I have the following piece of code.

class A {
  A(int) {

int a;
int main() {
  A(a);  // Line 'a
  return 0;

What I want to do on line 'a is to create a temporary A with constructor A::A(int). I know it's going to destruct immediately. That's what I want. But it seems the compiler is doing something equivalent to A a, defining variable a as of class A and initialize it using constructor A::A(). Of course it doesn't exist, hence the compiler error.

However, if I change my code to the following.

class A {
  A(int) {

void f(A) {

int a;
int main() {
  return 0;

It works fine now. The compiler constructs a temporary A and use it to call f.

Why is A(a) different in both contexts? How is it stated in the standard or for some obscure reason? How can I construct a temporary object as in the first code sample?

  • You still need to give it a name. Try A temp(a);. – jakber May 13 '15 at 8:55
  • 3
    Have you tried using A{a}; in first example because it is example of most vexing parse? You may also try to use void-cast: static_cast<void>(A(a)); – myaut May 13 '15 at 8:56
  • @jakber I want temp to destruct immediately after this statement. It's not going to happen if I give it a name. – Hot.PxL May 13 '15 at 8:57
  • jakber: no, then it would exist until the end of the scope. Hot Pxl wants it to destruct at the end of the statement. – gpvos May 13 '15 at 8:57
  • Note that it works if you use a number to initialize A, and that there's an error for redefinition of a if you put the int a; inside the main. – Arnon Zilca May 13 '15 at 8:59

This is another instance of the "everything that can be a declaration is a declaration" rule. [stmt.ambig]/p1:

There is an ambiguity in the grammar involving expression-statements and declarations: An expression-statement with a function-style explicit type conversion (5.2.3) as its leftmost subexpression can be indistinguishable from a declaration where the first declarator starts with a (. In those cases the statement is a declaration.

The standard provides the following examples:

Assuming T is a simple-type-specifier,

T(a)->m = 7;       // expression-statement
T(a)++;            // expression-statement
T(a,5)<<c;         // expression-statement
T(*d)(int);        // declaration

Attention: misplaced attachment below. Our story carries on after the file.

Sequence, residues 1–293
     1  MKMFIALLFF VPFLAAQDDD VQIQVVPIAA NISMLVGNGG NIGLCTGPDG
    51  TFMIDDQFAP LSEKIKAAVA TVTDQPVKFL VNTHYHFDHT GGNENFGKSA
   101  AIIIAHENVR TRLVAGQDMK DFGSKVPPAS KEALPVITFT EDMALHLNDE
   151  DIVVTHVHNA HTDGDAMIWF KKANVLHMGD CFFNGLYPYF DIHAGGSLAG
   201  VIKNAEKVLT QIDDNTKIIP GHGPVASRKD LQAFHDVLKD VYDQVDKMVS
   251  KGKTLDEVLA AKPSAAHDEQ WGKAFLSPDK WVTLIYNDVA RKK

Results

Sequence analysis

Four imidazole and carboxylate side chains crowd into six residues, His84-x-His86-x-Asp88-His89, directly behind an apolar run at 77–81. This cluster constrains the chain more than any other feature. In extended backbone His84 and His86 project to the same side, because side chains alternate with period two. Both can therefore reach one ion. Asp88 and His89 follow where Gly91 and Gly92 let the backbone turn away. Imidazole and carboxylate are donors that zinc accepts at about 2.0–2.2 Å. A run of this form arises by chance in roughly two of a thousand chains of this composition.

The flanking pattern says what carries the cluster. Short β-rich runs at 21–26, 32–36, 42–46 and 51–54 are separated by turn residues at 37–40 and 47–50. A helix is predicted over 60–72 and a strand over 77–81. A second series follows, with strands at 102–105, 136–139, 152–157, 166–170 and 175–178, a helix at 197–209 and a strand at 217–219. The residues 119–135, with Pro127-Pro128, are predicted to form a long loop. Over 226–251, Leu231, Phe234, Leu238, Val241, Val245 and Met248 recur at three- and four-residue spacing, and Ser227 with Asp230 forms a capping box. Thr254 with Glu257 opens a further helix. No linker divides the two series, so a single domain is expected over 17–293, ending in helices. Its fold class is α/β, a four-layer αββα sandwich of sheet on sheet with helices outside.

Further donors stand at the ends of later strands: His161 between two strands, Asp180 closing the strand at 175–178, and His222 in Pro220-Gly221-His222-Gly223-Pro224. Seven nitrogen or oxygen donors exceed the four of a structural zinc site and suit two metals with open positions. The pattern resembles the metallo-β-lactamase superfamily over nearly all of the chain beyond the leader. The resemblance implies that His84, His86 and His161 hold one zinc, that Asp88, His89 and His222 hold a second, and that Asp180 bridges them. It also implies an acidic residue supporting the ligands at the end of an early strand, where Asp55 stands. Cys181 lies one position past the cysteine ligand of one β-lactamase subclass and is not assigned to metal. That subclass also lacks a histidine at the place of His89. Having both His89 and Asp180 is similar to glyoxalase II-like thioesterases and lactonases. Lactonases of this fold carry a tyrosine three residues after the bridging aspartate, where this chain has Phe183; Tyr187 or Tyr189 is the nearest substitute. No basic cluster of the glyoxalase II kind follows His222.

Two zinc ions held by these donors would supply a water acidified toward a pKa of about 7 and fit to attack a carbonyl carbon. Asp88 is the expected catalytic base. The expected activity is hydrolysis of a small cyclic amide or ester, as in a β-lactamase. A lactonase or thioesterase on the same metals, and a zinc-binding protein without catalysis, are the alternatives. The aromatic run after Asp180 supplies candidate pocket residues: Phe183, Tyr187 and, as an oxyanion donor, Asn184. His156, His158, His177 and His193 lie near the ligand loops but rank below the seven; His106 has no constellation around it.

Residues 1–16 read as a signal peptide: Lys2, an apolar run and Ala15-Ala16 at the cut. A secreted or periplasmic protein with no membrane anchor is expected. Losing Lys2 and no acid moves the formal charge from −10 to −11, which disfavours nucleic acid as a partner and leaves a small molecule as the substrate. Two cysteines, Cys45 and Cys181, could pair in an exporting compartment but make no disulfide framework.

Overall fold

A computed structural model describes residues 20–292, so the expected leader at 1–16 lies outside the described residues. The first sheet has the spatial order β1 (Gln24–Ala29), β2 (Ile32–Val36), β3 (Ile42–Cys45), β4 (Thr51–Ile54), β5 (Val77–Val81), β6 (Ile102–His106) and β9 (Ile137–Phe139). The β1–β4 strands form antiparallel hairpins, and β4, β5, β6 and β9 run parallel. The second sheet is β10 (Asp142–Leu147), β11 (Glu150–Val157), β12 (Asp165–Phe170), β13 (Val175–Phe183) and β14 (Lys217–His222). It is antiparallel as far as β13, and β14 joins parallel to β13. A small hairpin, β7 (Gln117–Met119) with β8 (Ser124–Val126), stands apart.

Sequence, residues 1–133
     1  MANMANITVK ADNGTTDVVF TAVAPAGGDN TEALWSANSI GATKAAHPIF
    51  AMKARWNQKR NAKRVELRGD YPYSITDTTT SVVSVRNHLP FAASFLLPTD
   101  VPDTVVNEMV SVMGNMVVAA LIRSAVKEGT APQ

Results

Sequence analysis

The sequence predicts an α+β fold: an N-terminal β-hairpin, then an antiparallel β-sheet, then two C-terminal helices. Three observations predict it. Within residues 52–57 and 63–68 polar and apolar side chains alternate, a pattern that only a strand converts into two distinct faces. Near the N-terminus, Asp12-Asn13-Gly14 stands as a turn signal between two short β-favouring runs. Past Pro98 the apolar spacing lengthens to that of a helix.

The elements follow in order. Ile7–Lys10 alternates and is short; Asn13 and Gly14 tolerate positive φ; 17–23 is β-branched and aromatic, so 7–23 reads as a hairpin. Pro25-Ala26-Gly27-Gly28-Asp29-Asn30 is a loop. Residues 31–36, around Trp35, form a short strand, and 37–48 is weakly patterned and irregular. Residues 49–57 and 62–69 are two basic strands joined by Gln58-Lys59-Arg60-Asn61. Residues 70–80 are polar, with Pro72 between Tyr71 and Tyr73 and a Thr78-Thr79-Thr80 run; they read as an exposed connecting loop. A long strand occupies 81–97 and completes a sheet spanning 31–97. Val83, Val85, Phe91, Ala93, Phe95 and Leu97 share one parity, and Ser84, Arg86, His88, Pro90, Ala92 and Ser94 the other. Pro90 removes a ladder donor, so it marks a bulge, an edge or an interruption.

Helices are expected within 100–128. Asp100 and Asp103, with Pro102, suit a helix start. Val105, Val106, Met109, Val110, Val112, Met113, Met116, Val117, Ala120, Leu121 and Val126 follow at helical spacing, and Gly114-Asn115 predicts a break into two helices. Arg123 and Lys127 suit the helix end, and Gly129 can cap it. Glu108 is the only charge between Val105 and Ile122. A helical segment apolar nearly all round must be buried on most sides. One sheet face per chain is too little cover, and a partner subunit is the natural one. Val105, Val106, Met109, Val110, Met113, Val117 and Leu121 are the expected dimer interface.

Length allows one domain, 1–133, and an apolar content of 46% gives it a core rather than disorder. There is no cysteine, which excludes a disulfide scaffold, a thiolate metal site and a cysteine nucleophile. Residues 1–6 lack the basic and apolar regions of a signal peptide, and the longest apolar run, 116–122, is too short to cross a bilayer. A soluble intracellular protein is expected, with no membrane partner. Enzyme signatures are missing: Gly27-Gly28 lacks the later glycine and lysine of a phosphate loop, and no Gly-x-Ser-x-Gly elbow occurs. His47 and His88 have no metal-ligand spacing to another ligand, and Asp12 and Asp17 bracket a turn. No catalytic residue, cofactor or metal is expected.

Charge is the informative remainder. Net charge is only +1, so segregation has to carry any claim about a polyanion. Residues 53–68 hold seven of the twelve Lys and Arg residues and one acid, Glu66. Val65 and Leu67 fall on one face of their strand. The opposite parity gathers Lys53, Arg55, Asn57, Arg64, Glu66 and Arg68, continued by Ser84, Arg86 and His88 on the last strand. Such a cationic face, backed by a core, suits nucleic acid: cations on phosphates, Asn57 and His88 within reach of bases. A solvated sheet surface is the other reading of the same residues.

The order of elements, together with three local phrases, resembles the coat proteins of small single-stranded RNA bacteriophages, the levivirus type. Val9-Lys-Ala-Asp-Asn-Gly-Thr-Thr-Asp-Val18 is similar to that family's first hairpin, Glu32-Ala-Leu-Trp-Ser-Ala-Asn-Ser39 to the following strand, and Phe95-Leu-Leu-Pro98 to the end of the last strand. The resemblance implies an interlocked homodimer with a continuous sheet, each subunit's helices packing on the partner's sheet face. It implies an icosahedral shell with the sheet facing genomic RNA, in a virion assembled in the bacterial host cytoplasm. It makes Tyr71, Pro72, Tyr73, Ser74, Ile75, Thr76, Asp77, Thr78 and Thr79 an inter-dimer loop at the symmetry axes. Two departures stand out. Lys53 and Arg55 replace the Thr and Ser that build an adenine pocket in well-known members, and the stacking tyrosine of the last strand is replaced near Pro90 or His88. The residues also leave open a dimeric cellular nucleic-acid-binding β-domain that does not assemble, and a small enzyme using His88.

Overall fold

T(e)[5];           // declaration
T(f) = { 1, 2 };   // declaration
T(*g)(double(3));  // declaration

In the last example above, g, which is a pointer to T, is initialized to double(3). This is of course ill-formed for semantic reasons, but that does not affect the syntactic analysis.

and also:

class T {
// ...
    T(int, int);

T(a);          // declaration
T(*b)();       // declaration
T(c)=7;        // declaration
T(d),e,f=3;    // declaration
extern int h;
T(g)(h,2);     // declaration

The simplest way to disambiguate is probably an extra set of parentheses. (A(a)); is unambiguously an expression-statement.

  • I think this answer would be better if it included the keywords "most vexing parse", possibly with a link to Wikipedia. – Fabio Turati Jul 7 '15 at 9:14
  • what about A { a }; ? – paulm May 6 '16 at 11:33

I could not think of a way to create a temporary without using it in some call, like you did with the function.

Why don't you want to create a named variable instead? It's lifecycle will be exactly the same as your "temporary", given how you try to declare it.

If you really want to control the destruction of your object, you could always encapsulate it in a block: { A tmp(a); } // temporary A object

The thing is... I don't see the point of doing that. Why would you want to create a temporary object without using it? It usually means that your object creation or destruction has some side effects that you want to trigger. This is a really bad idea! You should move the side effects to a function and simply call it.

  • You are right that I should use a function. I was just curious why a temporary can't work. I got this idea from some RTTI code. But I guess it's a bad idea after all. – Hot.PxL May 13 '15 at 9:10

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